In the Press
Thursday, January 23, 2020How the Dems Lost Day Two — A Commentary by Donald Elliott ’74
Wednesday, January 22, 2020What antiabortion advocates get wrong about the women who secured the right to vote — A Commentary by Reva Siegel and Stacie Taranto Washington Post
Wednesday, January 22, 2020How the Dems Won Day One — A Commentary by Donald Elliott ’74 The American Spectator
Sunday, January 19, 2020Cyber Strife Between U.S. and Iran Is Nothing New — A Commentary by Stephen L. Carter ’79 Bloomberg.com
Tuesday, October 7, 2014
Yale Law School to Hold Conference on First Amendment in the Shadow of Public Health
A conference investigating a broad range of complex constitutional issues raised at the intersection of medicine, public health, and the First Amendment will take place at Yale Law School on October 17 and 18.
The conference, the first of its kind, will examine how the regulation of food, medicines, and tobacco rely crucially on the regulation of free speech, through behavioral marketing, disclosures, and restrictions on certain modes of commercial promotion.
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In recent years, commercial speech doctrine has been used to invalidate FDA restrictions on off-label marketing of drugs, to prevent graphic warnings on cigarette packages, and to challenge calorie disclosures in restaurants. In addition, new and important questions about the limits of a legislature’s ability to mandate or forbid certain physician speech are emerging.
Neither courts nor scholars have developed a consistent and coherent approach to evaluating these questions. Experts in First Amendment law are rarely in a position to fully articulate the health consequences of these cases, and health experts rarely have the literacy in free speech law required to navigate these issues.
"First Amendment doctrine has taken turns recently that create serious tensions with many public health strategies,” said Amy Kapczynski ’03, an Associate Professor of Law at Yale Law School. “Courts today are adjudicating calorie disclosures, graphic warning labels on cigarettes, and the foundation of our drug regulatory system through the lens of free speech law. But the experts in First Amendment law are rarely experts in health, and vice versa. This conference brings luminaries in both fields together, to advance our thinking on these urgently important issues."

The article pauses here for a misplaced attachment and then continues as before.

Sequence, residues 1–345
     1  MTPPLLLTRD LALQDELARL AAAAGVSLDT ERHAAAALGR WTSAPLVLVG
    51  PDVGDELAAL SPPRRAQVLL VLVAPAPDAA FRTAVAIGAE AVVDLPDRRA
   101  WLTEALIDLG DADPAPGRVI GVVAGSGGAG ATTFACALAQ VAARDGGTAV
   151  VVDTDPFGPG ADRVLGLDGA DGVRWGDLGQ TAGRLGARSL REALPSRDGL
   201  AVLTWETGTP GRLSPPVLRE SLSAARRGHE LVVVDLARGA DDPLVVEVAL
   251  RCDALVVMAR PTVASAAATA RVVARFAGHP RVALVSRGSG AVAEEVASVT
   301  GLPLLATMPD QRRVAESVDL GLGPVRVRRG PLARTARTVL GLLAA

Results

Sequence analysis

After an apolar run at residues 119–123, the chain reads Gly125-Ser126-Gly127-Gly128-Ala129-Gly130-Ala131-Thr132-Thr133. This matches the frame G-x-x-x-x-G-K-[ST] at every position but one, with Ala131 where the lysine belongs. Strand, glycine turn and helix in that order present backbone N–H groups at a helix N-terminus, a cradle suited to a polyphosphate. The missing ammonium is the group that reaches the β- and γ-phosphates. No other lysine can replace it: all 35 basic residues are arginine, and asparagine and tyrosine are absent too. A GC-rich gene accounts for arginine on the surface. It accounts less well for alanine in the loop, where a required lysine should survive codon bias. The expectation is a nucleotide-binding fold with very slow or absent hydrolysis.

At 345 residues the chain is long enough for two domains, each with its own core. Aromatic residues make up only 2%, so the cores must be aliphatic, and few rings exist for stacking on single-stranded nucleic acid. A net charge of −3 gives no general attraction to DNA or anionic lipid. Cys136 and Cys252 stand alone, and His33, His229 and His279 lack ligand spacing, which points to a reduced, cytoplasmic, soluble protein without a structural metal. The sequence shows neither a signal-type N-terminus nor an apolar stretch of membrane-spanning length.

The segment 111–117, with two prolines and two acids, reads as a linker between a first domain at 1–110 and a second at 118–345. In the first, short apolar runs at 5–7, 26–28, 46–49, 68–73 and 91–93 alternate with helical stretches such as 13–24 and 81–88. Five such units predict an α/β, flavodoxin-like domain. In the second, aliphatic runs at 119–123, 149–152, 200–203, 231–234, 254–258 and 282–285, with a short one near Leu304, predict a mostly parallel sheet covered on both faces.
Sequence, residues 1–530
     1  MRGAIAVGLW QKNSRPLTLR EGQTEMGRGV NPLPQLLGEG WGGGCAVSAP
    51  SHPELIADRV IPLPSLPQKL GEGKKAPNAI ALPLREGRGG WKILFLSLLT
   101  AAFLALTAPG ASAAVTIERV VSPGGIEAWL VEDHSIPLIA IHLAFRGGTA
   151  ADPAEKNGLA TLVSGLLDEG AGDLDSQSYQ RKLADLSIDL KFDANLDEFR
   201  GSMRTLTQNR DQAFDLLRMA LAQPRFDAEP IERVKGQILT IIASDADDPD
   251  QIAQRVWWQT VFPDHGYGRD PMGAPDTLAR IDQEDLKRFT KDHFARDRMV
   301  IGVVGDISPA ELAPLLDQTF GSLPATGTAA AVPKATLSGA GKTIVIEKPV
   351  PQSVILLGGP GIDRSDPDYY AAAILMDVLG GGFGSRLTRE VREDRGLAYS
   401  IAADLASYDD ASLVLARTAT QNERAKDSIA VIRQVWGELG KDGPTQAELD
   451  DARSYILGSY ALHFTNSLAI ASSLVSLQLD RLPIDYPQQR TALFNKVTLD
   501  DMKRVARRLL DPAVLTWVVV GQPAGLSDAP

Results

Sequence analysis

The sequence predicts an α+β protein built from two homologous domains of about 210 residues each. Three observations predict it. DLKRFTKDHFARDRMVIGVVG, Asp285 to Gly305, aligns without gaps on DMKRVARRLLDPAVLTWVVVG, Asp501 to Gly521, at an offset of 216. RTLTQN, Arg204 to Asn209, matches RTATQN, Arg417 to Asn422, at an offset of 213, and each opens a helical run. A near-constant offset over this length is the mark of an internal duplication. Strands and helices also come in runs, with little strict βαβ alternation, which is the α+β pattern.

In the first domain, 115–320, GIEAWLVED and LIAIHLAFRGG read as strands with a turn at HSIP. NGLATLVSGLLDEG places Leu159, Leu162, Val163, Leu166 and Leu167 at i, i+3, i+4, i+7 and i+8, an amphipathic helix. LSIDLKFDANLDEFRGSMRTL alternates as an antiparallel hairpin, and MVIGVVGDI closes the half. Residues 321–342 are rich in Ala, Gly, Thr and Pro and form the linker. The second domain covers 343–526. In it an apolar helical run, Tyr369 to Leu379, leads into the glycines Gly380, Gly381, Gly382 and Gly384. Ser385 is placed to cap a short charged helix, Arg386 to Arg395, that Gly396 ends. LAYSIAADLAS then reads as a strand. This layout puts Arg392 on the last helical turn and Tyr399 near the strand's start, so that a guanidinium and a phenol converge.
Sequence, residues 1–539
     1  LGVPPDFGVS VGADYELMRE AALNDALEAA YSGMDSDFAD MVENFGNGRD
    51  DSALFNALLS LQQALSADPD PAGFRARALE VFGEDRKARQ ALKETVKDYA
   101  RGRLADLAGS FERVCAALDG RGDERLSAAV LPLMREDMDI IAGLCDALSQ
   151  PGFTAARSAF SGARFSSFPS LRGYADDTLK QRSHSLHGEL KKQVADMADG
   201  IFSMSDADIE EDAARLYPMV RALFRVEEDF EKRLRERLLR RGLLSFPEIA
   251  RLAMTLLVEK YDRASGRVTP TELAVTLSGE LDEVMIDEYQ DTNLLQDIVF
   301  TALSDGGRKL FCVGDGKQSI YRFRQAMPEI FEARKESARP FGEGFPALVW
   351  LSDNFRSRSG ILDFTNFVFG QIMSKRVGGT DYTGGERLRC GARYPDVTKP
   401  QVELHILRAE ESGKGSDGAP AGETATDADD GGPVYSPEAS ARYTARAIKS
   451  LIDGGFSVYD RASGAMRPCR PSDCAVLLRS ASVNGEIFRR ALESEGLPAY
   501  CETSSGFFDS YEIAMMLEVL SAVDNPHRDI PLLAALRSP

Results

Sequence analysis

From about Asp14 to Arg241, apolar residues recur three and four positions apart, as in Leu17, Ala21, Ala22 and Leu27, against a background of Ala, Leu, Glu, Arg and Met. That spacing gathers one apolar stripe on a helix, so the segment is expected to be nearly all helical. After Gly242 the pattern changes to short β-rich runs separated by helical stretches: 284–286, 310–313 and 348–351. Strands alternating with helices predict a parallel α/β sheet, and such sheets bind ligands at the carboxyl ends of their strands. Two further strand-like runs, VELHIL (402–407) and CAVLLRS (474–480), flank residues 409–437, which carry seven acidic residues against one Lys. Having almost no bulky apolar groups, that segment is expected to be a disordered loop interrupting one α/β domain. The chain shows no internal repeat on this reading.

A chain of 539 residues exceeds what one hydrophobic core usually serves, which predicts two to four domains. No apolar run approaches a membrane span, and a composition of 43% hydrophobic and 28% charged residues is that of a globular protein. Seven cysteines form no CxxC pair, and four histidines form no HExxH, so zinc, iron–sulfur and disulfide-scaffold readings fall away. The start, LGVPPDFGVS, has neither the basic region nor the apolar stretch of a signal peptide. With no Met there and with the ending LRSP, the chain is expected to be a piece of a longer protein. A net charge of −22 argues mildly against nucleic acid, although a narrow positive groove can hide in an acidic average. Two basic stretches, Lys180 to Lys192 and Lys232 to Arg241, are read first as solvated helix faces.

The Public Health in the Shadow of the First Amendment Conference will include leading scholars, key policy makers, and top experts in law, public health and medicine, including Yale Law School Dean Robert C. Post ’77 and Knight Professor of Constitutional Law and the First Amendment Jack M. Balkin.
The conference panels will focus on food and drug regulation, behavioral marketing in the context of obesity, tobacco, and food policy, the regulation of professional conduct, First Amendment theory, and the intersection between science and democracy.
The conference is sponsored by the Information Society Project (ISP), the Yale Global Health Justice Partnership (GHJP), and the Yale Health Law and Policy Society (YHeLPS), with generous support from the Samuel and Liselotte Herman Fund for the Social and Behavioral Sciences at The Yale School of Public Health, and the Oscar M. Reubhausen Fund at Yale Law School.